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Showing posts from June, 2013

Connected Car Market Will Happen; How is the Issue

By 2022 there will be 1.8 billion automotive machine-to-machine Internet connections, including 700 million connected cars and 1.1 billion aftermarket devices for services such as navigation, usage-based insurance, stolen vehicle recovery (SVR) and infotainment, a new study conducted by Machina Research, and sponsored by Telefónica Digital,suggests. 

What people now do is multitask, using their smart phones, tablets or other devices as the “interaction platform,” is that is what they want to do. The connected car market might face similar challenges. 

People might decide all they want is for the autos to allow connection of smart phones to in-car peripherals such as screens. 

Think of “car phones” and you will see the problem. People like being able to communicate easily from wherever they are. 

But a dedicated car phone no longer makes sense. People just use their mobile phones. 

Machina Research predicts that by 2020, 90 percent of new cars will feature connectivity, growing from less t…

Mobile Operating System Disruption is Possible, but How Often Can it Occur?

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Apple and Samsung had 62 share of the 141 million U.S.-owned smart phones in the March to May 2013 period, comScore reports.

Apple had 39 percent of the installed base, while Samsung had 23 percent. HTC had nearly nine percent while Motorola had nearly eight percent and LG had nearly seven percent.
Though some will question how much benefit Google yet has reaped as a result of its Android initiative, Android ranked as the top smart phone platform in May 2012 with 52 percent market share.
Apple ranked second with 39 percent market share, followed by BlackBerry with nearly five percent, Microsoft with three percent.
And we sometimes forget how rapidly operating system preferences have changed. Until 2010, Symbian lead globally. At the beginning of 2008, Android wasn’t a commercial platform.
By 2010, Android had become the clear market share leader (sales, not installed base) globally.
For new challengers, including Tizen, Firefox and even Windows Mobile, such sudden changes offer hope tha…

How Fast Will Asia Reach First World Levels of Broadband Access?

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How long will it take for Asia to Reach "First World" levels of broadband access adoption and speed? The answer, of course, depends on where we look. Some would say a few nations in Asia already have surpassed most nations in North America and Europe.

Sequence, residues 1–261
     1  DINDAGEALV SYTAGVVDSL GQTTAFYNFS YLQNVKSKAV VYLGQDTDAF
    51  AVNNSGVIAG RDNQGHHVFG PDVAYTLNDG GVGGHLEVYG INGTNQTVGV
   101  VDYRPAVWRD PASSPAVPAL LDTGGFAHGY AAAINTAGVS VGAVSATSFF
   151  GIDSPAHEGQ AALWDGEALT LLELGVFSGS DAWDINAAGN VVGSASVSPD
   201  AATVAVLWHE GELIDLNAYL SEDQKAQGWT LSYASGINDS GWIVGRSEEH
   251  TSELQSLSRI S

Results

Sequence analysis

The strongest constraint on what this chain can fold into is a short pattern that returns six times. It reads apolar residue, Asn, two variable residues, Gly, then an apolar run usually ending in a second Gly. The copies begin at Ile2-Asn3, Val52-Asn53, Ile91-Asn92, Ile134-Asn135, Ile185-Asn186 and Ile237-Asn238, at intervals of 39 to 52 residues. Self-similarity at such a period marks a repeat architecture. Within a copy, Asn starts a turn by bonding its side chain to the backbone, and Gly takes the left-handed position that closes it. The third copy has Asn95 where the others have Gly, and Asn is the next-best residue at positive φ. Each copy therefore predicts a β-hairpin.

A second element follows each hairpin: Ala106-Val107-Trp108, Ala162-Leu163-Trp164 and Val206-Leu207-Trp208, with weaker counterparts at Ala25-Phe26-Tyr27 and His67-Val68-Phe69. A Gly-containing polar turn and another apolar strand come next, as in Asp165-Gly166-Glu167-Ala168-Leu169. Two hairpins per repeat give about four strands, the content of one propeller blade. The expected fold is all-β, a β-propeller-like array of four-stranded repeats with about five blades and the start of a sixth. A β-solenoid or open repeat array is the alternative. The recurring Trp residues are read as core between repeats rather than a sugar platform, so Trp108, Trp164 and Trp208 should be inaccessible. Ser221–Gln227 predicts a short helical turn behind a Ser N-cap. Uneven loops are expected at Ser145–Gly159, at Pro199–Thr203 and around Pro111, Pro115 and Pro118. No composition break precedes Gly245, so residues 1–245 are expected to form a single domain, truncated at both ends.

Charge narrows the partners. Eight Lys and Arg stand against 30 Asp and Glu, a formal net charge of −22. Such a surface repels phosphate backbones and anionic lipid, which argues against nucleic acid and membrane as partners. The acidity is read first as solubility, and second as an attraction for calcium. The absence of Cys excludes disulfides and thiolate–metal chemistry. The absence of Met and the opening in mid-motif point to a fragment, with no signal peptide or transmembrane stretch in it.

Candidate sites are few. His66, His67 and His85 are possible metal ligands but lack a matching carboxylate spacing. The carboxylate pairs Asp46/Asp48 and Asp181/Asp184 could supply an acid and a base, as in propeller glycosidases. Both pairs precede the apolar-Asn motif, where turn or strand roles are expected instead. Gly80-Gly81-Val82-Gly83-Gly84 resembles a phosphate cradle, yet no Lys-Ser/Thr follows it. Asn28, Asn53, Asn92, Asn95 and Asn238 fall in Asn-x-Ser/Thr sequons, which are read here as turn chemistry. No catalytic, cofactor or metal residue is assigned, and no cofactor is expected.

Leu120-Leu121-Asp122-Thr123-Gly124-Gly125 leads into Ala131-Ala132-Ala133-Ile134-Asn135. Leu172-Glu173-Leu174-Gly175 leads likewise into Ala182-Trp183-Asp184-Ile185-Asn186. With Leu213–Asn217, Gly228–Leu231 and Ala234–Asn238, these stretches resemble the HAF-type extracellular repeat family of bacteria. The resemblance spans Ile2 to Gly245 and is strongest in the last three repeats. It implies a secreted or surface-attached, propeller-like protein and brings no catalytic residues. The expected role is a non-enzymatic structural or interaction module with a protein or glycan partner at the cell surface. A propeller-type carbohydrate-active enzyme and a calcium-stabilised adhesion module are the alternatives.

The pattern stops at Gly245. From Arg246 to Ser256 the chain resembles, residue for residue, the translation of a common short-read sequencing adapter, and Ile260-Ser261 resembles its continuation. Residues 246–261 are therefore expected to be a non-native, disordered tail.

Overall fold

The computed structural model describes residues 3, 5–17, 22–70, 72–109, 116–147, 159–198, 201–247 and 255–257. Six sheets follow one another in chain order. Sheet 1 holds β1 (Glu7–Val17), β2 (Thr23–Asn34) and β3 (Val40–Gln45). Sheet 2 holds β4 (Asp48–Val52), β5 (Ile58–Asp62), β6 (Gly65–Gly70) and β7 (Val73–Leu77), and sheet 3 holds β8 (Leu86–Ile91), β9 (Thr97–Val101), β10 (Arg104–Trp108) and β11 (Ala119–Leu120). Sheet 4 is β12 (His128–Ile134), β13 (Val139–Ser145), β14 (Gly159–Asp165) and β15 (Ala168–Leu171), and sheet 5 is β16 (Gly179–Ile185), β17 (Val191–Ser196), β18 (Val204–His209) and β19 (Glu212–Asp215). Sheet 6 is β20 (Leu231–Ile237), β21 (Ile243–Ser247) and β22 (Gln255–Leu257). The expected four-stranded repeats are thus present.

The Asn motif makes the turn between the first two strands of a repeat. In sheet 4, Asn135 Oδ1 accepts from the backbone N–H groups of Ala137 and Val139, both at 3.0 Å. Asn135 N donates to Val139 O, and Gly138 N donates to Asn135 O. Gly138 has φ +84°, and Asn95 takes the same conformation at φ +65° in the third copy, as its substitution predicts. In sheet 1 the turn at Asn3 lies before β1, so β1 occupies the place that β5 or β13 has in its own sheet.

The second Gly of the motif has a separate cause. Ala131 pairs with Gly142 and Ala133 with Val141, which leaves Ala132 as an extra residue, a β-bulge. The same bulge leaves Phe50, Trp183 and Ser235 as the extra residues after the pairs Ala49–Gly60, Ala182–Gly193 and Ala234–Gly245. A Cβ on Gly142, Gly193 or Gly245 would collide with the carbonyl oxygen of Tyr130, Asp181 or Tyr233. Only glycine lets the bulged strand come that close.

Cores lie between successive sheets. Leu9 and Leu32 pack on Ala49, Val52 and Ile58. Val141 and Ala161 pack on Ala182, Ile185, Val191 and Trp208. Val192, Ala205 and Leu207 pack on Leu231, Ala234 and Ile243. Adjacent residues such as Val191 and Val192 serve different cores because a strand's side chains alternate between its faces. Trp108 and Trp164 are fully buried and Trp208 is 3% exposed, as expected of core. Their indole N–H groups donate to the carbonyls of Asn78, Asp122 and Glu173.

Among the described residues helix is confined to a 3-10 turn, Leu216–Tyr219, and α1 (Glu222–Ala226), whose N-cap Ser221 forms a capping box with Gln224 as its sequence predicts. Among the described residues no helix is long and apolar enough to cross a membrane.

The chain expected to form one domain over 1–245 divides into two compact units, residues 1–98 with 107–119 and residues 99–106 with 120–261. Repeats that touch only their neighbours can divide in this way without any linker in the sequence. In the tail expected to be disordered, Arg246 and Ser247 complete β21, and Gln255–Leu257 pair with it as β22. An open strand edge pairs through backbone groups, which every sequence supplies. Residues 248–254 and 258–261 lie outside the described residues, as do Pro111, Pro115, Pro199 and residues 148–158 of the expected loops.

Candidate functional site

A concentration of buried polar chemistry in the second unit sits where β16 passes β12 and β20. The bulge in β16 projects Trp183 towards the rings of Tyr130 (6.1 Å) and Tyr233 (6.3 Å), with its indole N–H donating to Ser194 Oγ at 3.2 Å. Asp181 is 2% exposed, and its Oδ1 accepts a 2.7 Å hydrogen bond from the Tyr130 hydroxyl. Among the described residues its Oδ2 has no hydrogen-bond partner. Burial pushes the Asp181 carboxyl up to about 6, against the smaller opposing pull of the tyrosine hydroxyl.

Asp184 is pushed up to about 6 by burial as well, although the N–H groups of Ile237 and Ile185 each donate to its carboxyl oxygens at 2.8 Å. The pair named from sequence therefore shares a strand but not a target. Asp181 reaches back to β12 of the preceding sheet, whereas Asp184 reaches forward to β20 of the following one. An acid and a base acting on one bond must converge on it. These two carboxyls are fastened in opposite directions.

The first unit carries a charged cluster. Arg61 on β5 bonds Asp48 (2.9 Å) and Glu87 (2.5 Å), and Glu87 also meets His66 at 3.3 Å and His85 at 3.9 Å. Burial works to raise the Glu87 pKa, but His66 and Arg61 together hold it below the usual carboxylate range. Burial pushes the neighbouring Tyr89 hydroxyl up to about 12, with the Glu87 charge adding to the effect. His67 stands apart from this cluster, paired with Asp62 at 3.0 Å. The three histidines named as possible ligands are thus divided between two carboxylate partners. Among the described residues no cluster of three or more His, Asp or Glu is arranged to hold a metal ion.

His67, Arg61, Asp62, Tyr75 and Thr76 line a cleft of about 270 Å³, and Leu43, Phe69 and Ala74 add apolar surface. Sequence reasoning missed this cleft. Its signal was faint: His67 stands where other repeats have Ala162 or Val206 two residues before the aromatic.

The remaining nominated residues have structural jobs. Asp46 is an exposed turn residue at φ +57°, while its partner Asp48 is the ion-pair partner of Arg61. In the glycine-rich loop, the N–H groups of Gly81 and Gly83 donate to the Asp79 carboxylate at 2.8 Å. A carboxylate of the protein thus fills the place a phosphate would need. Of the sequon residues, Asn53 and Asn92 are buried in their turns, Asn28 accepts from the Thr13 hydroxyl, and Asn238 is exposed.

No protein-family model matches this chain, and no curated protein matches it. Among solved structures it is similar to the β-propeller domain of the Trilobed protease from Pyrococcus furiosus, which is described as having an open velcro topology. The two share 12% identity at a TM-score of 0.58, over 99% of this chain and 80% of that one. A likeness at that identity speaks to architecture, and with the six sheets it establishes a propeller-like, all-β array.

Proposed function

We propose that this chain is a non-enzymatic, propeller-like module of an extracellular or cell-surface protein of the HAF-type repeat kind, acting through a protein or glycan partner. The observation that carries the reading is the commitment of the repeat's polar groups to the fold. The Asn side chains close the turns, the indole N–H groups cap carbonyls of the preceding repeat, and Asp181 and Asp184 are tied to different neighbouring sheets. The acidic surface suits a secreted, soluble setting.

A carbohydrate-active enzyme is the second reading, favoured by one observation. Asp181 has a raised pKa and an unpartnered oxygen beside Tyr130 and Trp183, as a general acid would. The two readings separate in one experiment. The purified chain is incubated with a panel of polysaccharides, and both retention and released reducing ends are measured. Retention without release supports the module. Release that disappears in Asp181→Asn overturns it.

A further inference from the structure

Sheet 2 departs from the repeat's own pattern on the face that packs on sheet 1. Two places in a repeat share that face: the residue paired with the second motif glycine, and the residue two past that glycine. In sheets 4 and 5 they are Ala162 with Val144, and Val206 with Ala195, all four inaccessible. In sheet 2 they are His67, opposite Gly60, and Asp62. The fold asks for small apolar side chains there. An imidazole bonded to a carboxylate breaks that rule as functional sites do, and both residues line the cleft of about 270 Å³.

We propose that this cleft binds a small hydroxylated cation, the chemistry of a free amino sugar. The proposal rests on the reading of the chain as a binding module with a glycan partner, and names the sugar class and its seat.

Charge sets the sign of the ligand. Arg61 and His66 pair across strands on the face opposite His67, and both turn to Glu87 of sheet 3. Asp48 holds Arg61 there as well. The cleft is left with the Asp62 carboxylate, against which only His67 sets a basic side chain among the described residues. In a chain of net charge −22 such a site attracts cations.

But that's the point: Asia is too varied a place to describe in "average" terms, as it arguably includes both the nations with the fastest access as well as some nations with very low access speeds or adoption. 

 Hong Kong has average access speeds of 54.1 Mbps, while South Korea has average speeds of 48.8 Mbps. 

Malaysia, with an average peak connection speed at 18.2 Mbps, represents the average country. 

But Asia is a continent of wide dynamic range, where it comes to access speed. Africa, Europe, South America, and the Pacific (which includes Australia and New Zealand) all have a rather even distribution; consequently they have a median and an average that are both located near the middle. 

 In Asia, median (half …

DirecTV wins LTE Spectrum in Columbia, Brazil

DirecTV Group has spent $45 million to acquire fourth generation spectrum in Brazil. DirecTV plans to use the spectrum to expand its Long Term Evolution business in Brazil.
And although the idea might meet with some skepticism elsewhere, DirectTV plans to use LTE to create a dual-play dual-play offer of entertainment video and broadband Internet access, using LTE as a rival to either digital subscriber line or cable modem services.
DirecTV's Sky Brasil subsidiary acquired 12 regional blocks of 2.5 GHz spectrum in Rio de Janeiro and Sao Paulo, as well as in Amapa, Bahia, Goias and Parana, Rio Grande do Sul, and Santa Catarina. DirecTV already had been selling wireless broadband in Brasilia.
DirecTV has four million video customers in Brazil.
Nor is the Brazil expansion the only wireless broadband effort DirecTV has launched in Latin America. DirecTV also has won LTE spectrum in Columbia.
In some ways, DirecTV’s business model is reminiscent of the way early LTE networks were launche…

Two New Mobile Operators Authorized in Myanmar, Illustrates Asia Pacific Mobile Growth

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Telenor and Ooredo (Qatar Telecom) each have won new mobile licenses in Myanmar, competing against existing providers Myanmar Posts and Telecommunications (MPT) and Yatanarpon Teleport Co.